Institute for Philosophy
The philosophers at the Institute of Philosophy develop new perspectives and insights not only on fundamental philosophical questions, but also on topical and interdisciplinary themes such as secrecy, migration, climate change, the politics of truth and intercultural relations.
The research at the Institute is organised into five research Centres: Theoretical Philosophy, Practical Philosophy, Continental Philosophy, Comparative Philosophy, and History of Philosophy. The Centres and their members entertain intensive and fruitful collaborations with each other. Several of the institute’s members are affiliated with more than one of these Centers. The institute’s teaching programmes also range over these fields as well as their interrelations and all the members of the Centres take an active part in teaching.
The research Centres organise lectures and discussion forums, providing a platform where researchers meet their peers and the wider public. Such encounters further inspire the philosophers at the Institute of Philosophy, helping them keep both their minds open and their feet on the ground.
The institute works partly in the tradition of Western philosophy, represented by names such as Descartes and Spinoza, both of whom worked in and around Leiden. Leiden philosophers also look more widely, however: driven by intellectual curiosity, they conduct research into philosophical traditions of other parts of the world.
The Theoretical Philosophy Centre looks at the philosophy of knowledge and all that relates to knowledge and reality. Its researchers draw their research themes from logic, metaphysics, epistemology, and philosophy of language, science, and mind.
The Practical Philosophy Centre studies value and normativity and forms of social organisation. Its researchers take a critical look at political, social, and cultural developments. With regard to migration, for example, they consider in depth questions such as: What does it mean to be a citizen of a country? How do you treat new arrivals fairly?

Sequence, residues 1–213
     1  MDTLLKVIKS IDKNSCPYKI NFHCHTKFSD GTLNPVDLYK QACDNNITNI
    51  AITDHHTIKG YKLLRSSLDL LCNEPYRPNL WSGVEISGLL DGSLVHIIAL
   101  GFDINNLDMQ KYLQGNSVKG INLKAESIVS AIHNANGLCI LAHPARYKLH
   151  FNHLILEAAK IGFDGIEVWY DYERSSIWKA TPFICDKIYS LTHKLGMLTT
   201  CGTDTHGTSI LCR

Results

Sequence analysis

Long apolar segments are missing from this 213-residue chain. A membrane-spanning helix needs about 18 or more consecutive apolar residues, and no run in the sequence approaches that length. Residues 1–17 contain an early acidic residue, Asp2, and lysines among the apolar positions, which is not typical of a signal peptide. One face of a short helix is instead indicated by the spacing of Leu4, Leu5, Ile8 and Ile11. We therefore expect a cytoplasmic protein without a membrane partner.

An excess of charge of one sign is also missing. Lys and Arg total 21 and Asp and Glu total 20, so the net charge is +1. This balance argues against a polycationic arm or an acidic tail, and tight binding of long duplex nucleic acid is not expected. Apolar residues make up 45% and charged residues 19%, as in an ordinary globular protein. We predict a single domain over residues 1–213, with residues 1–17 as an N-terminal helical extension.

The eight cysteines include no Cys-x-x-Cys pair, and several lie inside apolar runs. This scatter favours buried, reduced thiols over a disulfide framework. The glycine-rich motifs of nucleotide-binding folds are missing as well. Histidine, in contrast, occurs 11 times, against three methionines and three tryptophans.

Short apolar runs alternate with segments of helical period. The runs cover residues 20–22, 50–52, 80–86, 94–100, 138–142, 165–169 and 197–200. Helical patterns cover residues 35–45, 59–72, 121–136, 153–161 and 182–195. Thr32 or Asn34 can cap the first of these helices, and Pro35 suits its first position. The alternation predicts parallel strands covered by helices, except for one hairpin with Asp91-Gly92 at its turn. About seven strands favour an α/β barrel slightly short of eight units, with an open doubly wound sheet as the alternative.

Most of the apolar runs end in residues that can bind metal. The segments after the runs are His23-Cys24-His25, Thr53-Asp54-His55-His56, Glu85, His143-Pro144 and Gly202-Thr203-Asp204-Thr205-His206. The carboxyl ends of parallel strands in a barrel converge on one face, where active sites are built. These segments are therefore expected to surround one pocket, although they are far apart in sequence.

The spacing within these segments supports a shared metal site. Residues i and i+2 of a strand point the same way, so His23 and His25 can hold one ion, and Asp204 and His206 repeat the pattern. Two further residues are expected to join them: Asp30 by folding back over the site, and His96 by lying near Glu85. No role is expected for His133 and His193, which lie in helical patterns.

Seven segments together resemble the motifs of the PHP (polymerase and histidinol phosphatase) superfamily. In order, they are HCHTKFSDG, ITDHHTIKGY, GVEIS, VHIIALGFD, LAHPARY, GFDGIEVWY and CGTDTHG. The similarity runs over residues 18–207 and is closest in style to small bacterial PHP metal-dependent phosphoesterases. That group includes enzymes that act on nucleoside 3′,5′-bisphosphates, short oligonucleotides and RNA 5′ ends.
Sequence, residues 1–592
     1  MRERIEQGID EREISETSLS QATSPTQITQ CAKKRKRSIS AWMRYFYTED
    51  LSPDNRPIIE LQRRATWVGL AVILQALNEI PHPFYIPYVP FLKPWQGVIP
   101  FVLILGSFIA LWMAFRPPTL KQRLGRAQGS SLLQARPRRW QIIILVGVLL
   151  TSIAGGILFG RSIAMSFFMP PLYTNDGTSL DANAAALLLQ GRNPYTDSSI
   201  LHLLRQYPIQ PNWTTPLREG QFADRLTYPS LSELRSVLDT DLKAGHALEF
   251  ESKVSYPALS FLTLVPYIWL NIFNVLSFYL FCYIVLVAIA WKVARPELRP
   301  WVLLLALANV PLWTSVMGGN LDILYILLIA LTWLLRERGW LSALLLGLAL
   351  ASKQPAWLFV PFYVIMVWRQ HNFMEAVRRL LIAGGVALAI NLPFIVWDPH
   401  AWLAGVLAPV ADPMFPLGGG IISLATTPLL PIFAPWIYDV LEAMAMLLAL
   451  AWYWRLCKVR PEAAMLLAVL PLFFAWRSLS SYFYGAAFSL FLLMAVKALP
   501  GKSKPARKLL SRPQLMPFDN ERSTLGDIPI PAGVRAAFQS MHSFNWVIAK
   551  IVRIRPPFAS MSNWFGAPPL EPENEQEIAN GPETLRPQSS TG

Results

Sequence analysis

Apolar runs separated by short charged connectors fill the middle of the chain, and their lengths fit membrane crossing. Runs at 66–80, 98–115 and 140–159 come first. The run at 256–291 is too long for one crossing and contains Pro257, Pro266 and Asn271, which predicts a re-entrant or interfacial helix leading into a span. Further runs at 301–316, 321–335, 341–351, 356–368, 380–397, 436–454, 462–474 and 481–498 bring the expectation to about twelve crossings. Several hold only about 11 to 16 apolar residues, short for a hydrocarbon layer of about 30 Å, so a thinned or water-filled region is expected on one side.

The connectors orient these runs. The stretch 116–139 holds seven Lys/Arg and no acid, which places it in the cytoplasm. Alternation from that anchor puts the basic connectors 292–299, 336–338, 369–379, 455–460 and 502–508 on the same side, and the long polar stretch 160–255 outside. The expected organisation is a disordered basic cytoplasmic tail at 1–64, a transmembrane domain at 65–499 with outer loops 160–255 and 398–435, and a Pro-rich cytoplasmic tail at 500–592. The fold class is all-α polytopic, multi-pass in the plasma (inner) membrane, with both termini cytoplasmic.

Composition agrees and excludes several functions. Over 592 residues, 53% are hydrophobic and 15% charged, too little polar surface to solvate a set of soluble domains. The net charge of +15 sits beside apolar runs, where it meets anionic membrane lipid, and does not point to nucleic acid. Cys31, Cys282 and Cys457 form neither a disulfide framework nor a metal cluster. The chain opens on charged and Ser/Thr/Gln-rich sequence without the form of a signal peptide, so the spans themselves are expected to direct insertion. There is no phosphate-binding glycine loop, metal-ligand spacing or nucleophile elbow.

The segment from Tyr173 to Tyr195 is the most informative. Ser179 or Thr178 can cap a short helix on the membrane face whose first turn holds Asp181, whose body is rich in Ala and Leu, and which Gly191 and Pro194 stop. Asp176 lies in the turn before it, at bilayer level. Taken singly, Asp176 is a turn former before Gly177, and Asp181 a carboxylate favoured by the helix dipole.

The Continental Philosophy Centre studies especially the work of European philosophers from the nineteenth century to the present. Its researchers focus on understanding the human experiences of “being” in the world. What does it mean to be a human surrounded by others, by nature, and by technology? What does it mean to be part of a historical trajectory?
The Intercultural Philosophy Centre is unique in the Netherlands. Most European and US universities approach philosophy from a typically Western perspective, based on the classical Greek tradition. The philosophers within the Comparative Philosophy group look further, at the traditions of the Middle East, Asia, and Africa.
History of Philosophy
The History of Philosophy Centre currently focuses on ancient and medieval philosophy. Its researchers look at the works and ideas of Plato and Aristotle, their reception, and their later development into the modern era. The Middle East also plays a role within this group’s research, given the strong influence of Arab philosophy on medieval European thought.
Impact on Society
Leiden philosophers are highly visible. They take part in societal debates, train civil servants, members of political parties, and other professionals, and advise government bodies, on, for instance, state secrecy and Middle East politics.